Reflections on presenting to an LIS class

Earlier this semester, I got invited to speak to a graduate class in the iSchool at the University of Illinois. The class was LIS 451: Introduction to Network Information Systems. While I didn’t take the class during my time in Illinois, my mentor and professor, Martin, taught the class (and therefore, I heard a lot about the syllabus and class structure). The goal of the class is to get students comfortable using technology and provide hands on experiences with networking computers, taking computers apart, and helping other use technology. Many of these activities I did while working with Martin and others on various grants and community members.

In typical Hailley fashion, I enthusiastically said yes to this opportunity. Then, as the date drew closer, some fear set in. What would I take about for an hour? Was the work I did in Urbana-Champaign, Illinois and now in State College, PA worthy of a presentation to students only a year or two behind me professionally? Would peers outside my close bubble find my ideas, theories, and practice useful and or interesting?

Setting aside those fears, I dug into my backlogs of HLS posts for inspiration, and reflected on my practice as a librarian and with some coaching from Martin, figured out my presentation. I called it “Demystifying to Build.” 

For me, demystifying is a crucial concept to how I see myself as a librarian and how that concept defines the work I do. I kicked off my presentation with the following slide, broadly defining demystify.

Demystify definition

When we clarify, explain, and highlight the ways a system works, we allow ourselves to better understand the process/things/piece of technology. We become more confident in our ability to broadly solve problems, even if we haven’t encountered that specific situation before.

The rest of my presentation was spent on defining what it meant to demystify in a variety of contexts including

  • Computers
  • Community
  • Research
  • Academic librarianship

For each section, I used the definitions above to set the stage and used examples from my life to expand on those concepts. Naturally, the work I did with the Urbana Neighborhood Connections Center and the Residence Hall Libraries were key examples. As I was creating this presentation, I started to more clearly see the influences of Illinois play out in my work at Penn State so far. For example, demystifying technology allows users to move from thinking of technology as a magical black box to thinking of it as a tool they use to do things they value doing. If we pull that idea of demystifying over “research,” we can think strategically about how we work with students. In order of us to demystify research, we need to work together with novice student researchers to show them the skills of how to find information. In that process, we are actually opening the door to our community of practice and inviting them in. That’s powerful.

My presentation wouldn’t be complete without some theory sprinkled in. Before the class, I created a list of my essential readings, and saw how the core readings from Illinois influenced the new readings I’ve started to ground my academic librarianship in. I’ve included the list here, if you’re curious.

When I was all said, and done, I opened it up for conversation. The students in the class were engaged with me and the ideas I had put forth. We discussed the natural human stage of magical thinking and how that plays into demystifying as adults. The growth mindset also came up and how growing technical knowledge is not always easy. We talked about the comfort and connection doing demystifying together.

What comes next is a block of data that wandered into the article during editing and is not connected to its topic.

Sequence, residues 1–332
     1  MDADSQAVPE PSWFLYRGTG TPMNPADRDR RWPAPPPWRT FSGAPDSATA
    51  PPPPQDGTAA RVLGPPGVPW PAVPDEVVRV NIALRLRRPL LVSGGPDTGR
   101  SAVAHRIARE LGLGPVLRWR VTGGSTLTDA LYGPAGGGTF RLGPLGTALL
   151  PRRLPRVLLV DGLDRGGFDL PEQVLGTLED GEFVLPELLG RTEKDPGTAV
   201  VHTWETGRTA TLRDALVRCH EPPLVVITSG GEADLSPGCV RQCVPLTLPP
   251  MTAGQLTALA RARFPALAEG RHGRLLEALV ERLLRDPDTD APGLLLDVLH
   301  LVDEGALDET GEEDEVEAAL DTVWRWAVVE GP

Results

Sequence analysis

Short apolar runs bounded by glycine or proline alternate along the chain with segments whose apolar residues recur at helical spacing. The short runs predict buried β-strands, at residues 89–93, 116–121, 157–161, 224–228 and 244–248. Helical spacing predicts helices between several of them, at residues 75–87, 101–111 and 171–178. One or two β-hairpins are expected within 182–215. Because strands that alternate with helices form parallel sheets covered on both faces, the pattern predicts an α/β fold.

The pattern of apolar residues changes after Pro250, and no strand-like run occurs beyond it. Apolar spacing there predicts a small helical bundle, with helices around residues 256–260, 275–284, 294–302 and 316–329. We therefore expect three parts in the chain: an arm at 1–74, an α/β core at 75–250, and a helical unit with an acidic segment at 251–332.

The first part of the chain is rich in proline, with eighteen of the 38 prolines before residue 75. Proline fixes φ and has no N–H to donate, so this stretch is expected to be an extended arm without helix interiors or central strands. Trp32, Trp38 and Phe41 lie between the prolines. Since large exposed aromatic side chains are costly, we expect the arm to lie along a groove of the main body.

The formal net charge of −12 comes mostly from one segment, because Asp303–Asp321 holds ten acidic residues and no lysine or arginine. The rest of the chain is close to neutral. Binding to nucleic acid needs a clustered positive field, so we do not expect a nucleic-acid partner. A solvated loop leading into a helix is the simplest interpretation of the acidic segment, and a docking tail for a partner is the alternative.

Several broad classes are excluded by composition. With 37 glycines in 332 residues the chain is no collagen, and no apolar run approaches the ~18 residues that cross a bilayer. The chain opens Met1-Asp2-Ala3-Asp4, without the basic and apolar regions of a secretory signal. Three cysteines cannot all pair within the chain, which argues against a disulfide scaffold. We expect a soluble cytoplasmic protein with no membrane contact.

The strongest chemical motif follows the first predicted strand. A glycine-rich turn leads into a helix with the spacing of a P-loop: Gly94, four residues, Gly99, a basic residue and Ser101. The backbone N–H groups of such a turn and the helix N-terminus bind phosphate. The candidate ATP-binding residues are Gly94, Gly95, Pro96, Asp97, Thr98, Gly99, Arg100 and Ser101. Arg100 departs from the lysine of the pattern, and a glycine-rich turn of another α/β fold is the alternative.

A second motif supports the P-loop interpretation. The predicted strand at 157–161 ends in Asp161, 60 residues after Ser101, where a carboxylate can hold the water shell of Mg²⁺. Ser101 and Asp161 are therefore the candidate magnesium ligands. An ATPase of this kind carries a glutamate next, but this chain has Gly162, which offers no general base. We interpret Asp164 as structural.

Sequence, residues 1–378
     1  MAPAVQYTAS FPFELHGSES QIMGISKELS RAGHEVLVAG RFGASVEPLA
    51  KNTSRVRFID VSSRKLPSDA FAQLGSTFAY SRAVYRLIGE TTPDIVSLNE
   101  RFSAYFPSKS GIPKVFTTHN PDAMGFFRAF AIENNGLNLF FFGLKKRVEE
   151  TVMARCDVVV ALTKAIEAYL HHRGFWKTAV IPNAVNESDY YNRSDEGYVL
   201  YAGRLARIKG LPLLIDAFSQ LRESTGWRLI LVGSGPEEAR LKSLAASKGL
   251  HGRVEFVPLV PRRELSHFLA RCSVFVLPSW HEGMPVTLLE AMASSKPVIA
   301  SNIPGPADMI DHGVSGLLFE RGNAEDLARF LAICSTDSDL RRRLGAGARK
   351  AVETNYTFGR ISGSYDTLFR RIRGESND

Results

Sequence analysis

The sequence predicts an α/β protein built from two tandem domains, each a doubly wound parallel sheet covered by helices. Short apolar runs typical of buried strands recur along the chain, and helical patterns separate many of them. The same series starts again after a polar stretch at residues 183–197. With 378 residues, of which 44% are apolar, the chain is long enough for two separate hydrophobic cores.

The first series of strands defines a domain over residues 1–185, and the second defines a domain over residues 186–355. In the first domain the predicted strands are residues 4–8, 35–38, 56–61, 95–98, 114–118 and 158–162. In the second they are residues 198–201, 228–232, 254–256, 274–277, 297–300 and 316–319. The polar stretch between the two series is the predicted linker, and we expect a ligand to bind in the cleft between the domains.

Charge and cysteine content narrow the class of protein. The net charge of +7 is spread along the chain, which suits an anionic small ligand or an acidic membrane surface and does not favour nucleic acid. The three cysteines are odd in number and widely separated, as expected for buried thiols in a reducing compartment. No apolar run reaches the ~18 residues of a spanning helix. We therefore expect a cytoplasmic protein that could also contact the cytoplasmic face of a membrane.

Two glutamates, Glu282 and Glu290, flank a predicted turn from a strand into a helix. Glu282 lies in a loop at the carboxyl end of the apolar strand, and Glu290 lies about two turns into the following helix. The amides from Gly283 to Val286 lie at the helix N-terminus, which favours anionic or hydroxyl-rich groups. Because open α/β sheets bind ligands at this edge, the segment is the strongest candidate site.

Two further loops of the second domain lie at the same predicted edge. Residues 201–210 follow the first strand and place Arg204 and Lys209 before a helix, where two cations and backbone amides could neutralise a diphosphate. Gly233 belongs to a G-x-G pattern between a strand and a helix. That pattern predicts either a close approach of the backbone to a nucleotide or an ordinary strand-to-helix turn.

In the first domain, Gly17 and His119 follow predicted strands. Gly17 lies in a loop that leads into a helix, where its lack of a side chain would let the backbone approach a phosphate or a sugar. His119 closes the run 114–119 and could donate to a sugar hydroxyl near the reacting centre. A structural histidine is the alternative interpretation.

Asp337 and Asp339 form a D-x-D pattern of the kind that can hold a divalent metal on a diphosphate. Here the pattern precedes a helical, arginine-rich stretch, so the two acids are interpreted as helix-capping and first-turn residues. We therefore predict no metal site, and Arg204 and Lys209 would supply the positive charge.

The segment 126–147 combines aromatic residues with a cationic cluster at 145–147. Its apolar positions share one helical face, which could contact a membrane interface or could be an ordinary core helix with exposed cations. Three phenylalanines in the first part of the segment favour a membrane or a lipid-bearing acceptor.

There was so discussed on the situated learning ideas I had proposed. In my current job, I was introduced to Jean Lave and Etienne Wenger’s idea of a community of practice with experts helping to bring novices into this space. As a reference librarian, I try to use situate learning in every conversation I have with students. In my office, I reposition my second monitor to face the student and handle my wireless mouse over to them. We search together, but by giving the mouse to the student, I allow them to navigate the field of information and ultimately chose the information they think will be the most useful for their project. The students in this LIS class liked that idea, and even requested a picture of my office space to better see how I position reference.

 My office space -- you can see the second monitor that I can rotate around and the wireless mouse in the middle of the picture.

My office space -- you can see the second monitor that I can rotate around and the wireless mouse in the middle of the picture.

In our discussion, we also discussed the ways handing over the mouse lets the novice know you trust them and know they have the capability to successfully research a topic. Selfishly, it was really nice to hear resonance with those ideas and a have sense of validation for the ways in which I think and talk about reference.

After the discussion on my talk, the conversation shifted to the service learning projects the students are working on. It was great to hear about the technology support they were providing and how demystifying might fit into the work they do. I definitely started to miss UNCC a little bit more in those moments.

Class ended and I logged out of Blackboard feeling pretty good. I am grateful for the opportunity to talk about my work in that form. It was confidence boost and a reminder about the time it takes to do this work. As a professional who is standing on the edge of really diving into research, it was helpful to put all my thoughts into a (somewhat) concise presentation and see where opportunities exist for future papers, posters, and other publications. I’ve included all the slides of my presentation below and look forward to talking about my work with other groups in the future.